The Chronicles of Narnia: The Lion, the Witch and the Wardrobe
We all know Disney Plus has Star Wars, Marvel, Pixar and classic cartoon nourishment for you to hit up whenever you need a comforting night in.But aside from all that, there are a host of great Disney movies which might not be front and center on your radar. From classics like the original 1961 Parent Trap, to Tim Burton’s Frankenweenie that will destroy anyone who’s lost a pet dog, Disney has an eclectic lineup well worth checking out.
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Here are some of the best movies on Disney Plus you might have overlooked.
DisneyA faithful adaptation of Louis Sachar’s YA novel, Holes saw a fresh-from-Even-Stevens Shia LaBeouf take on one of his first major film roles. Stanley Yelnats IV’s family is cursed to the point Stanley is wrongfully convicted of stealing a pair of sneakers and sentenced to time at a juvenile detention camp… where they dig holes in the desert. Along with an immense cast, including Sigourney Weaver, Jon Voight and Patricia Arquette, Holes has a visual and thematic sophistication you might not expect from a teen movie.
DisneyRon Howard’s rom-com about a man who falls in love with a mermaid scored an Oscar nom for its screenplay — and rightly so, with its perfectly warm, glowy comedy letting stars Tom Hanks and Daryl Hannah do their charming thing. Splash is pure comfort viewing with the added fun fact that Hannah’s mermaid tale was designed by visual effects artists to be fully functional.
DisneyA black-and-white homage (and spoof) of old horror movies, Frankenweenie tells a charmingly simple story: A boy named Victor tries to bring his dead dog back to life. Using stop-motion and a host of Tim Burton cast favorites, including Winona Ryder, this take on Frankenstein is a classic Burton oddball story, brought to life with heart, beautiful visuals and a palpable boyish enthusiasm.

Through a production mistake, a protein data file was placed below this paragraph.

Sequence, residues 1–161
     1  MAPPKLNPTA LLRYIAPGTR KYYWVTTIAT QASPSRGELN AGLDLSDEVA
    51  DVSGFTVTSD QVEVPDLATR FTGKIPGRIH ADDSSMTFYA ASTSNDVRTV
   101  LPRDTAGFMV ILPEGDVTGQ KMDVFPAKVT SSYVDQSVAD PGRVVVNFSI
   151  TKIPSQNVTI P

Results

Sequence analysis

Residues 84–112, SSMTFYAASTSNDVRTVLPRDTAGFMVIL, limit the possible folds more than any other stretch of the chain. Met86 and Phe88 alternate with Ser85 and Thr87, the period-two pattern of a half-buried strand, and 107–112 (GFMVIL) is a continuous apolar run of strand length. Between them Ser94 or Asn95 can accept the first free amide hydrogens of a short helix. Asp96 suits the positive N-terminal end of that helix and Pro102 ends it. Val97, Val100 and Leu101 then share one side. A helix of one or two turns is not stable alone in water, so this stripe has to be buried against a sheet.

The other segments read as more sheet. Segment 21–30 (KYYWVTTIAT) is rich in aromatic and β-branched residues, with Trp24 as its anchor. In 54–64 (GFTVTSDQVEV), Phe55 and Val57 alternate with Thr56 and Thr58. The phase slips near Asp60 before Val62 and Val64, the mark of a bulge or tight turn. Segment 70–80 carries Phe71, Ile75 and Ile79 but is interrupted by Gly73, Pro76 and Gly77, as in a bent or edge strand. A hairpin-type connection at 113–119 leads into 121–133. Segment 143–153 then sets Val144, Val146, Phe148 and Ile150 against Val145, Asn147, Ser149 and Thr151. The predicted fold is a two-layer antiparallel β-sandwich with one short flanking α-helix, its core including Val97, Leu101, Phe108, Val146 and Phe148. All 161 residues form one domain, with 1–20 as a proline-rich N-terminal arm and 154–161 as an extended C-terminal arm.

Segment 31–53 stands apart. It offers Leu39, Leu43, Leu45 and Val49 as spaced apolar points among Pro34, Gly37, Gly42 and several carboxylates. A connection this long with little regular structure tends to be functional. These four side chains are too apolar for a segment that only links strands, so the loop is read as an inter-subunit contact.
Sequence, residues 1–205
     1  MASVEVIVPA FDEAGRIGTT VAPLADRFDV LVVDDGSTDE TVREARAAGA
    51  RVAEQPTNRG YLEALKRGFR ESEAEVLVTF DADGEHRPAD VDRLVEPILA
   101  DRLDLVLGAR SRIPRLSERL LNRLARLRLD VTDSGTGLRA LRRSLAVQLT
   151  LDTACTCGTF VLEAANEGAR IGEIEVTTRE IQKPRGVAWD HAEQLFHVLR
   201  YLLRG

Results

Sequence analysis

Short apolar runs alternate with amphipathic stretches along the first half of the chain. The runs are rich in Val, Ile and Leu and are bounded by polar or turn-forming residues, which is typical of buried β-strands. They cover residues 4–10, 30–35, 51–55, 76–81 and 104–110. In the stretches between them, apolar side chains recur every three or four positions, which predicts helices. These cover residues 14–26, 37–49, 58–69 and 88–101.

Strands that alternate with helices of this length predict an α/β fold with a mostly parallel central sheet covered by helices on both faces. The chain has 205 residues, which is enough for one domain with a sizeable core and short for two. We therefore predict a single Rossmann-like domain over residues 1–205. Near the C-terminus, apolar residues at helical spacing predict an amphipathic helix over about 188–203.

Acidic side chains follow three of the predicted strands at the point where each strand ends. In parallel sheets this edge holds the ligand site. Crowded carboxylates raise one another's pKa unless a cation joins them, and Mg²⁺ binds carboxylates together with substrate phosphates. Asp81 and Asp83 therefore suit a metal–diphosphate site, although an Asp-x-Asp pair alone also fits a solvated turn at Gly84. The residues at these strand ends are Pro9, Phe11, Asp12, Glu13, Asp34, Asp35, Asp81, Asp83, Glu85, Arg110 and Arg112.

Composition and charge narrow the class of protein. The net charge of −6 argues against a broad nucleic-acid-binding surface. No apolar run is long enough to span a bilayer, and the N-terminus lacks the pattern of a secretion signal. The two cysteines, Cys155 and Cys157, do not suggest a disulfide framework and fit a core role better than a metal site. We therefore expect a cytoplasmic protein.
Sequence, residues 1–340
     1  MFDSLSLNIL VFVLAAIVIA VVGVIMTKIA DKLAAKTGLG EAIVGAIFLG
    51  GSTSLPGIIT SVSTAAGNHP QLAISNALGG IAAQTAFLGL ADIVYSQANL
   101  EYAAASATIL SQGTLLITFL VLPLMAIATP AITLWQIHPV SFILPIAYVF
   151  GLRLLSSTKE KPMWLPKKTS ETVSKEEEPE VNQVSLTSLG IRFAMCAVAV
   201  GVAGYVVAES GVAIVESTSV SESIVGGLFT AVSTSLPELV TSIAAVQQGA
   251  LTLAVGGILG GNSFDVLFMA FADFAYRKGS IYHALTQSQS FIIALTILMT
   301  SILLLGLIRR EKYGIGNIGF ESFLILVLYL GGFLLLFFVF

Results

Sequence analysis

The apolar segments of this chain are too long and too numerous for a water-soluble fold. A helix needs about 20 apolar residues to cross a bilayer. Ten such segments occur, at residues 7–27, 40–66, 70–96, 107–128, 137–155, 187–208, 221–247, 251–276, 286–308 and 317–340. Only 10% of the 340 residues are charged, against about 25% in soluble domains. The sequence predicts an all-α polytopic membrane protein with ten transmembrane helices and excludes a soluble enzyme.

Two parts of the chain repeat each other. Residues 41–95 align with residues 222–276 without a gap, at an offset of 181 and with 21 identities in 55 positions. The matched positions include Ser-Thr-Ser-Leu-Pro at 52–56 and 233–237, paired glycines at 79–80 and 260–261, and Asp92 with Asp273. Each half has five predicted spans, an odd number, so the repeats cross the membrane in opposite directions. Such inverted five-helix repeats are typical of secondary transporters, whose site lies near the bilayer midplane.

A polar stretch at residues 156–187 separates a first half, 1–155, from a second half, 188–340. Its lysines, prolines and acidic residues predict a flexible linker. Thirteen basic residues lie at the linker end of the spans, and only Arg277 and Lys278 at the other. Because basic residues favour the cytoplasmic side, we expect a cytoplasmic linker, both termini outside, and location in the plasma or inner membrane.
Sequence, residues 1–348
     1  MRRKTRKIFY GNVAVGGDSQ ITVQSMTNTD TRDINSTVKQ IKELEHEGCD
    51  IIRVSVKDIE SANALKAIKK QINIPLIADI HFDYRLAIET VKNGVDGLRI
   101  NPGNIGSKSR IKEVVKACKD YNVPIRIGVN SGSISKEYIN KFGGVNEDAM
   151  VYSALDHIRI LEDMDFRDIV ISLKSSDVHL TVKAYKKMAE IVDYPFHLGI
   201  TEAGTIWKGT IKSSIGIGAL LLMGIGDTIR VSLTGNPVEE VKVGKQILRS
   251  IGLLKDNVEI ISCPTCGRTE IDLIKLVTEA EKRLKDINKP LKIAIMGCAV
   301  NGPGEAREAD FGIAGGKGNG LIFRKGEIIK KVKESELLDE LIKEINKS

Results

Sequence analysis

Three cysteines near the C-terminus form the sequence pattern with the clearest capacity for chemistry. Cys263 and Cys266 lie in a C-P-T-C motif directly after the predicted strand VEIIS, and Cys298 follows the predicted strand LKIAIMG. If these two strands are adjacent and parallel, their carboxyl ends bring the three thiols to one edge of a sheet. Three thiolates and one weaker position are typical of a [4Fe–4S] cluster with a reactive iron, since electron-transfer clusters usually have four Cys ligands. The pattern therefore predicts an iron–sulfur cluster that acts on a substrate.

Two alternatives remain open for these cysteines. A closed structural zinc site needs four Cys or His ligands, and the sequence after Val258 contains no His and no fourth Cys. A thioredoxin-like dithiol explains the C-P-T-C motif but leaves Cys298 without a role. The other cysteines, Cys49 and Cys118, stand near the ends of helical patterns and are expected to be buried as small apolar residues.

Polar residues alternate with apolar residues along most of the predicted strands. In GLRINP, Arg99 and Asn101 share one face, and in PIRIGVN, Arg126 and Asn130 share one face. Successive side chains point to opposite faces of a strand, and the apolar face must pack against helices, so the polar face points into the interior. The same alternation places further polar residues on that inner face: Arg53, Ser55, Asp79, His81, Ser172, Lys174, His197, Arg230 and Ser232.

DisneyYep, there are about 100 more Avatar movies on the way, but why not rewatch the original that blew everyone’s minds when it came out in 2009 with its insane technical breakthroughs in special effects? The human race invades Pandora and its indigenous Na’vi in a misguided attempt to colonize the lush, habitable moon. Aside from the cardboard cutout characters and obvious A to B script, James Cameron’s epic remains undeniably sensational to this day.
The Parent Trap (1961)
DisneyBefore Lindsay Lohan made her film debut in the remake of this rom-com, Hayley Mills starred in The Parent Trap, playing both twin sisters on a quest to reunite their divorced parents. A flick that speaks to both adults and kids, the original The Parent Trap thrives on its relatable family dynamic, charming characters and well-timed gags, even if it doesn’t break any new ground.
Black Is King (2020)
DisneyNearly single-handedly leading the rise of the “visual album” (The Beatles started it all the way back in the ’60s), Beyoncé and her latest, Black Is King, melds together just that: stunning visuals and music from the tie-in album she curated to the recent The Lion King. A “love letter to Africa”, the film’s story is told with the help of some of today’s outstanding black artists, including Beyoncé, who directs as well. With unbelievable cinematography, a score featuring traditional African music, instantly iconic costume design and powerful cultural themes, every second of this personal work of art needs to be glued to your eyeballs.
The Sound of Music (1965)